Gossip Girl: what would Blair say about Leighton’s drama?

Sometimes, life and art are very far apart, for example when teen dramas feature characters who change clothes 18 times a day, wear hotpants and sparkling tops as dressed-down breakfast wear or pose as long-lost cousins in order to con heiresses out of their fortunes.

At other times, life and art are scarily interlinked.

It turns out Leighton Meester, known to the world as the Machiavellian mixer with a penchant for headbands on Gossip Girl, has something of a dramatic personal life.

Reports the Daily Mail: “Meester wants full custody of her younger brother because she believes their mother isn’t prioritising his welfare.

Leighton, 25, sent $7,500 each month to Constance Meester, to help pay for her illness-plagued brother’s ongoing medical treatment.

But in a lawsuit filed last week, the Texan-born beauty asserted that the money was spent on cosmetic surgery for her mother instead.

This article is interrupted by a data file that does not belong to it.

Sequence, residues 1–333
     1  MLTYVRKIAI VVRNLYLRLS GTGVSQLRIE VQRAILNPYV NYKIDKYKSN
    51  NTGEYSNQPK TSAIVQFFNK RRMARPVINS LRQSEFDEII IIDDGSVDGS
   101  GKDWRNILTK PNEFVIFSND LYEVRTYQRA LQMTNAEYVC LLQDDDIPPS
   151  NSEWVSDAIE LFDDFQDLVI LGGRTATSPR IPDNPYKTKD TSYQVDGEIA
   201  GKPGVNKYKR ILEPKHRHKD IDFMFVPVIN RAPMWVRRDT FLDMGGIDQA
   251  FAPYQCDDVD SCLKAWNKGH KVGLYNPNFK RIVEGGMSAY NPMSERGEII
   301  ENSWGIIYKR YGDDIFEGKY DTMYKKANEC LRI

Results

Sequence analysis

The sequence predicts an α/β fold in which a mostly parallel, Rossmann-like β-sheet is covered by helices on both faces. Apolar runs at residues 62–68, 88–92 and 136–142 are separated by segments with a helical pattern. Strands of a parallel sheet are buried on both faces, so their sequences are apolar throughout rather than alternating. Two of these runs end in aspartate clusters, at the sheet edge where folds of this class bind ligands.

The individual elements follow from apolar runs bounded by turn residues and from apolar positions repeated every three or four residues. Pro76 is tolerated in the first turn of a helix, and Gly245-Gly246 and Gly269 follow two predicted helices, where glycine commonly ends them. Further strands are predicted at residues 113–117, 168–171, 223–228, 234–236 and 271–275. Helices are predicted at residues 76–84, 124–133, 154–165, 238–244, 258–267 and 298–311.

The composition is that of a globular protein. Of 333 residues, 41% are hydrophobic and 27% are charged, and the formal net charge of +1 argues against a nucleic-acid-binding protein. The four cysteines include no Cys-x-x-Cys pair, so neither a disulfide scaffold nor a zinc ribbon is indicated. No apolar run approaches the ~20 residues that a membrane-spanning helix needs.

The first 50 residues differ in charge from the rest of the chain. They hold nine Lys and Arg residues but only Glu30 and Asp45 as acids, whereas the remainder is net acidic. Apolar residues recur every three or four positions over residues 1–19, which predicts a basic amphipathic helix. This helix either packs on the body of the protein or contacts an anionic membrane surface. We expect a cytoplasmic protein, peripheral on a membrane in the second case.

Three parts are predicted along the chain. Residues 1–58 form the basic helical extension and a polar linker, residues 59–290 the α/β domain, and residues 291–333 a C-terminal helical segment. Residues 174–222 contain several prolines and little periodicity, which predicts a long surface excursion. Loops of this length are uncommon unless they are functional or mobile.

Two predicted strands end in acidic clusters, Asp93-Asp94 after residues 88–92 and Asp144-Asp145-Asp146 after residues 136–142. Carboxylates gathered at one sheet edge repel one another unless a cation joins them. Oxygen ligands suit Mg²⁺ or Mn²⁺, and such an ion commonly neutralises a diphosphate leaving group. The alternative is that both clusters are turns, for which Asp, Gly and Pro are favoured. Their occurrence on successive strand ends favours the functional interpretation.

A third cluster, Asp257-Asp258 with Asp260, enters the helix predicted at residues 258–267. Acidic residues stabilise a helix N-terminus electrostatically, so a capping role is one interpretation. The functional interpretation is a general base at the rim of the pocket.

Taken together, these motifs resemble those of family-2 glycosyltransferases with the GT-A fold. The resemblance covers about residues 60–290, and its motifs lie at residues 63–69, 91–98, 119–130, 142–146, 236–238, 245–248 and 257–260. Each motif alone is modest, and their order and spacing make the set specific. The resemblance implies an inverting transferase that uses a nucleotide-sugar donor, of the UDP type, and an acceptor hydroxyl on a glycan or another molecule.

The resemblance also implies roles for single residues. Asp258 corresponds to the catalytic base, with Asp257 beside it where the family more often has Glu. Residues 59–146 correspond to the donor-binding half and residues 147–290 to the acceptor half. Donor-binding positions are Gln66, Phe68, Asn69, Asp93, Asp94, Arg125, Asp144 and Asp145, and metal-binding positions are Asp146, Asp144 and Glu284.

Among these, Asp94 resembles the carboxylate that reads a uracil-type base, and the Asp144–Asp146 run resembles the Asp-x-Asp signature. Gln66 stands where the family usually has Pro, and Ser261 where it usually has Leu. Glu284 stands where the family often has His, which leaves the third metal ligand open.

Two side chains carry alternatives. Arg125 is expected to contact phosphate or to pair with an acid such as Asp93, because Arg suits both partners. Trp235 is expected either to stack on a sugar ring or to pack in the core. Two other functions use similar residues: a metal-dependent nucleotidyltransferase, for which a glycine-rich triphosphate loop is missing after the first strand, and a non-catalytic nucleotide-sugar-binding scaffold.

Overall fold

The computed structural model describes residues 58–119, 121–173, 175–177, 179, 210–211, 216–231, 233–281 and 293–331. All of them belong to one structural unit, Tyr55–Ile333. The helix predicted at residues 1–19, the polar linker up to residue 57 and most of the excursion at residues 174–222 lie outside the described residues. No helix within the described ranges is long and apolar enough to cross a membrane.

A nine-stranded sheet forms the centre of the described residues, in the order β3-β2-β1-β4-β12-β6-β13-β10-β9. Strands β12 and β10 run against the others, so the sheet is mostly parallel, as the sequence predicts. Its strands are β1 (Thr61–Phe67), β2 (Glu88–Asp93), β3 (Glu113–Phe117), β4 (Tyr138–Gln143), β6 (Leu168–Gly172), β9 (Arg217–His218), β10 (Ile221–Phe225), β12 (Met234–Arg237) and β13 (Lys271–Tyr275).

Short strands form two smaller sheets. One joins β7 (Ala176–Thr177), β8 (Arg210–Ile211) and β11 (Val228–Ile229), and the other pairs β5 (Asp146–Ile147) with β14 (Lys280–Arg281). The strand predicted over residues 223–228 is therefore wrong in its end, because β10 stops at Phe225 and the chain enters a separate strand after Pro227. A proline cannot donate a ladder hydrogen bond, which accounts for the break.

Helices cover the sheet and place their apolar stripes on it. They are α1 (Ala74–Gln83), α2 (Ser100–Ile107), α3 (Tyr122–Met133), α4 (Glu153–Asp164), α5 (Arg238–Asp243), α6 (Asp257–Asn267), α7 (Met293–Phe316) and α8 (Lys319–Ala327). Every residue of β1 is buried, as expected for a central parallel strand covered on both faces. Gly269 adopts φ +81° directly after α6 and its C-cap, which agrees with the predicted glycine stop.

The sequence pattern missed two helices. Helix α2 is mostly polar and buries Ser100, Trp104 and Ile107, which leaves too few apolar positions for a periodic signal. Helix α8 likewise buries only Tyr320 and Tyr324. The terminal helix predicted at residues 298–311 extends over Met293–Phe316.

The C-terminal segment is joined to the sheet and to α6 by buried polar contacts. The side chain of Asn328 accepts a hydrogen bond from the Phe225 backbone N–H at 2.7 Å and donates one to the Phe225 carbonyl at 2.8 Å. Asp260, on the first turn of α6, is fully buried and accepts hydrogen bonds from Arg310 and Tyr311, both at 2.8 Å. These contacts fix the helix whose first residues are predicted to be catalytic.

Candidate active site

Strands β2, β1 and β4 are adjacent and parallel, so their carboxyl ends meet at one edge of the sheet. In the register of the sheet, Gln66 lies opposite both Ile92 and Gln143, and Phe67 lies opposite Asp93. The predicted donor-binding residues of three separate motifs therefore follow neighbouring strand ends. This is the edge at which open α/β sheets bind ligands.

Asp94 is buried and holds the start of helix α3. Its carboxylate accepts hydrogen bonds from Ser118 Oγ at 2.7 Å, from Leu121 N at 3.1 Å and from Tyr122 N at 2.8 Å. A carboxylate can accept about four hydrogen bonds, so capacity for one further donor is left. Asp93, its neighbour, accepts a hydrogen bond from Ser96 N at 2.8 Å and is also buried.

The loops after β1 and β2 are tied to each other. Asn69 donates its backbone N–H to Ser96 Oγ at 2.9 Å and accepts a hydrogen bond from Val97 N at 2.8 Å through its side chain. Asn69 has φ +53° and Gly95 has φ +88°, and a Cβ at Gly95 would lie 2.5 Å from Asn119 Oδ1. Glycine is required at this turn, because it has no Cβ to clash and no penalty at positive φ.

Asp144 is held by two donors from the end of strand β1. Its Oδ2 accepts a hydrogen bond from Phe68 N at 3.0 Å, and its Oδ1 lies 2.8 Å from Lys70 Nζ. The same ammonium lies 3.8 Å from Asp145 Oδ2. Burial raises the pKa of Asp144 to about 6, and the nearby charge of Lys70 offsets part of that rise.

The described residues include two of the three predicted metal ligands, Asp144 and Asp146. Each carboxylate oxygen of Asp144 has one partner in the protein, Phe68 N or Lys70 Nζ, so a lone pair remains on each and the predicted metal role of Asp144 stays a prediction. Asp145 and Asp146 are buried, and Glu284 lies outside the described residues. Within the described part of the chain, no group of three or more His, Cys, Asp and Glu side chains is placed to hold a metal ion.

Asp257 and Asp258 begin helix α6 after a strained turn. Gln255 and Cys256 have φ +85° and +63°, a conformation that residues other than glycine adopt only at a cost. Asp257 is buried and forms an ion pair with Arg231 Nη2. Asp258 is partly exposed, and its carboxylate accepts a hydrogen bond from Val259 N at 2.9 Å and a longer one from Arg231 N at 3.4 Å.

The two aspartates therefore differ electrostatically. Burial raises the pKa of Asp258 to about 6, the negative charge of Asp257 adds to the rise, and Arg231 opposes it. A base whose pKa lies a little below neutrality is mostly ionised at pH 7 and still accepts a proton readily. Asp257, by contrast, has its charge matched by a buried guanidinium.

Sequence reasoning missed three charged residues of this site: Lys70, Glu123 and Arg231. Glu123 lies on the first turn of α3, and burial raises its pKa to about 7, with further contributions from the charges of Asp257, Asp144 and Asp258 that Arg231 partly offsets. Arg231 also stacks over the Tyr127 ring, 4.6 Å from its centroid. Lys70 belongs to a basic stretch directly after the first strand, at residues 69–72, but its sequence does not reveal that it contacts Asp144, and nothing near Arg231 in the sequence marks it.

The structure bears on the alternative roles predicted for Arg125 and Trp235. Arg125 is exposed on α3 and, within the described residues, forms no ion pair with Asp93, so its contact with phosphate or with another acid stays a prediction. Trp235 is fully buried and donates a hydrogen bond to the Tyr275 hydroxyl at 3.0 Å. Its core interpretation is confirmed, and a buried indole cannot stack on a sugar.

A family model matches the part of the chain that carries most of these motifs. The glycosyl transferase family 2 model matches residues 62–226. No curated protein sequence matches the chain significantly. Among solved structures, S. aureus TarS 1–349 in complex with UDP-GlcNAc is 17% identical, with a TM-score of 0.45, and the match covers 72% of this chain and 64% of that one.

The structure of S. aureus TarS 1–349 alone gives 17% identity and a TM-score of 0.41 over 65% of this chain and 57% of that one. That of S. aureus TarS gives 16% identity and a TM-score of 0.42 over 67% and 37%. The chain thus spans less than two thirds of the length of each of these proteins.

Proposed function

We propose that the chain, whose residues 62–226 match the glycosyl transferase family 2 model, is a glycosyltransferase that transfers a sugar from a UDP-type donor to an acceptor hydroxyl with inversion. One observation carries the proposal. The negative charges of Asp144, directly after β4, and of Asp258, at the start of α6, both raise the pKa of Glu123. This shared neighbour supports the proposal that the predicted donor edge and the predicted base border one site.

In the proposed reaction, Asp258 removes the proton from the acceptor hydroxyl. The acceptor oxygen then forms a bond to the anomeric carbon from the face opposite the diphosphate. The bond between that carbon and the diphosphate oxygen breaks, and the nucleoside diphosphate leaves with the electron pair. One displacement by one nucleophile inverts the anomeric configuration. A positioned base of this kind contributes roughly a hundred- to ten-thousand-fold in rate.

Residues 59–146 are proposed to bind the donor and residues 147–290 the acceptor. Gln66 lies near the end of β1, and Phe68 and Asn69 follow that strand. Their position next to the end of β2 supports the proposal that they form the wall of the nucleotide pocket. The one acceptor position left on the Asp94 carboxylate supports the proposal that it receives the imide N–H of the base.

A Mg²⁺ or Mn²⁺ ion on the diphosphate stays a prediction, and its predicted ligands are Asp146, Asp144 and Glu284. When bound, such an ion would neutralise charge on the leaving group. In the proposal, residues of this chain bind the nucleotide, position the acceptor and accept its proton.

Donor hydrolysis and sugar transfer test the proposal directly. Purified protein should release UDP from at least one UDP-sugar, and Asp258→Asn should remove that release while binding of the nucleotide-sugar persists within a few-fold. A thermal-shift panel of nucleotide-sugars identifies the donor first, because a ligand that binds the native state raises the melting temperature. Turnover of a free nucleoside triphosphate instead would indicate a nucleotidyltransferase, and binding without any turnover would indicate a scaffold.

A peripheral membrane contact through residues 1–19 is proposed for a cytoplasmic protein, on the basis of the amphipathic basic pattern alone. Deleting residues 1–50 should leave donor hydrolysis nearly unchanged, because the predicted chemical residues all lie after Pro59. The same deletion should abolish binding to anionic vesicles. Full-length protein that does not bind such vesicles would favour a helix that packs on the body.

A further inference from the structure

And now she wants to removed Alexander from her mother’s care in California, so he can live with her permanently in New York.”

It’s only the tip of the iceberg: read more here and here.

As Leighton’s on-screen persona would probably say; how gauche to have such scandals palyed out in the pages of the tabloids. That said, with Gossip Girl on summer hiatus, bring on more of the same.

I’d like to hear how Blake Lively has insured her cleavage for gazillions, or how Ed Westwick is now a sworn teetotal.

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Josh Lyman, School Choices and Scoring Points (Huff Post UK)

Rahm Emanuel with his children

Rahm Emanuel, the former White House staffer, and the inspiration behind West Wing’s Josh Lyman, has had a bad news week. Politicians on this side of the Atlantic will sympathise. Just a few months into his first term as Chicago mayor – a position he had to fight darn hard for – he’s being accused of betraying his city’s public school system.

The reason? This avowed Democrat, a guy who pledged to champion the cause of education, decided to send his kids to private school.